Also to protect our buyer clients, we are ensuring that the closing date in our offers is at least five days after the expected vacancy date.

If the tenant is expected to vacate on January 31st, 2024, then we will NOT schedule closing of the condo For January 31st 2024, as many buyers and agents have done in the past.  We need to gain access to the condo after the scheduled vacancy date in order to ensure that the condo is, in fact, vacant.

We would therefore schedule the closing date on February 5th, 2023 and schedule an inspection for February 2nd.

If the tenant has not vacated, and is indicating that they intend to stay and “await a hearing at the LTB,” then our buyer will terminate the transaction and receive their deposit back.

Here’s the rub, however:

Not every seller will agree to include this clause in the APS.

There are some sellers who will see this clause as an “out” and therefore strike the clause in any counter-offer, or simply reject the offer outright.

To each, their own, in this regard.

You might argue, “If the seller isn’t concerned at all, then he or she has no reason not to accept this clause.”

But in Ontario, with the rights that tenants enjoy, no seller/landlord is safe.

I also have to wonder how the banks would view this clause.

Let’s say that a person purchases a $1,500,000 house and, in order to obtain the financing, sells their $500,000 tenanted condominium.  The bank uses the equity from the condominium to qualify the buyer for the purchase of the house.  But what if hte tenant in the condo refuses to leave, the buyer of the condo walks away, and the purchaser of the house no longer obtains bridge financing to close on the purchase of the house?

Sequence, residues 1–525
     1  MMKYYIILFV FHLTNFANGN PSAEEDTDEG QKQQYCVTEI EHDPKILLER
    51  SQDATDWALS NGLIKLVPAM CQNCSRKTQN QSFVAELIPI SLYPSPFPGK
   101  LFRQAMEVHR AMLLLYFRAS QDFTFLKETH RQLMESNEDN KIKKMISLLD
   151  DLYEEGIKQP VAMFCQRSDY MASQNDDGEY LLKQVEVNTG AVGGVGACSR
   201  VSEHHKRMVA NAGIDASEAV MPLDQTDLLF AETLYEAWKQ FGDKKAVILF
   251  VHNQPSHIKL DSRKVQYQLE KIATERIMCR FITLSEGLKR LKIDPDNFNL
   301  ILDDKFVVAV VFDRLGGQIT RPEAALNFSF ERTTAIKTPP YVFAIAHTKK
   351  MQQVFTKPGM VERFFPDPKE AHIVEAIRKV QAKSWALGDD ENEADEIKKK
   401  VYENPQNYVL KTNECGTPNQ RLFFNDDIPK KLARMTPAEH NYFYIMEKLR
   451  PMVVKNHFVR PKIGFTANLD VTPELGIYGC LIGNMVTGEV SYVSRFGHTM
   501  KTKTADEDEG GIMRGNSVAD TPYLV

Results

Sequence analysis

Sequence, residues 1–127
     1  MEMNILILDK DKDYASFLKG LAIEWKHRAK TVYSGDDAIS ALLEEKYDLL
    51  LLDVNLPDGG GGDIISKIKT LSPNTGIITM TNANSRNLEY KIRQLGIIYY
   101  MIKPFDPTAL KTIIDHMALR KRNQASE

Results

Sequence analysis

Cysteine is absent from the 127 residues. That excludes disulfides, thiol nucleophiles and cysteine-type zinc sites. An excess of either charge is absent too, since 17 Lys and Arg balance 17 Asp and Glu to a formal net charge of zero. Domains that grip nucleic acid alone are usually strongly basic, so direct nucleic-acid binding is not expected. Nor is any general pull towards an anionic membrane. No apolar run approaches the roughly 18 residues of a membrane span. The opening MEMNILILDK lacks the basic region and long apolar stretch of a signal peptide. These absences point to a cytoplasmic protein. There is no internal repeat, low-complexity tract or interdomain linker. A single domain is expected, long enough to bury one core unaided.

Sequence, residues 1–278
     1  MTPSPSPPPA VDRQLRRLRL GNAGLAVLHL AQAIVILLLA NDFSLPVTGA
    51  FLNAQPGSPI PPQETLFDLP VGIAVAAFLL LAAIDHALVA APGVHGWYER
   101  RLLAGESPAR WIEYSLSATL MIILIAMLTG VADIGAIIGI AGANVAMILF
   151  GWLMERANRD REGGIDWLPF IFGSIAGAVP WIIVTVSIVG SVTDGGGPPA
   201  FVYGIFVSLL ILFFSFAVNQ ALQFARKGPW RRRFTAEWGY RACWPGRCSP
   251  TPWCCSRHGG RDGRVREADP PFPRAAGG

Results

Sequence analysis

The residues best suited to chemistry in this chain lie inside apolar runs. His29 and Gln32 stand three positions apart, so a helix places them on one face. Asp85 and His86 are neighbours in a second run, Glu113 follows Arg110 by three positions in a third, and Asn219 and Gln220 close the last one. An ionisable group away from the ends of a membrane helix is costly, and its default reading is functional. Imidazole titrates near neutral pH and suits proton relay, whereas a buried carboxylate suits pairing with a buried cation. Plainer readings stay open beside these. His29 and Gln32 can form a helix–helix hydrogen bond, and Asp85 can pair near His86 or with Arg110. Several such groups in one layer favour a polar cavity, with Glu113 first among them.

Tenants’ rights avocates would probably argue:

Womp, Womp, Womp.

But sooner or later, we have to address the elephant in the room.  Tenants refusing to leave when legally evicted via N12 for a buyer’s personal use are simply clogging the system and causing a lot of dominoes in the market to fall.

Now, if you want to get really agressive, include this clause:

The Buyer hereby authorizes and directs the Seller, and Seller hereby agrees, when this Agreement becomes unconditional, to give the tenant(s) the requisite notices under current residential tenancies legislation requiring vacant possession of the property for use by the Buyer or the Buyer’s immediate family, effective as of January 31st, 2024.  The Seller agrees to provide the Buyer with copies of all notices immediately after service of the notices upon the tenant(s).  In the event that the tenant fails to vacate the property on or before the date specified above, the Buyer shall have the option, in Buyer’s sole discretion, to extend the closing date by thirty (30) days, during which time the Seller will reimburse the Buyer for any associated financing costs in the event that the Buyer has obtained a bridge-loan.  In the event that the tenant fails to vacate the property on or before the new closing date specified above, the Buyer shall have the option, in Buyer’s sole discretion, to terminate the existing Agreement.  If the Buyer chooses to terminate the Agreement, the deposit will be returned to the Buyer in full forthwith, along with any accrued interest.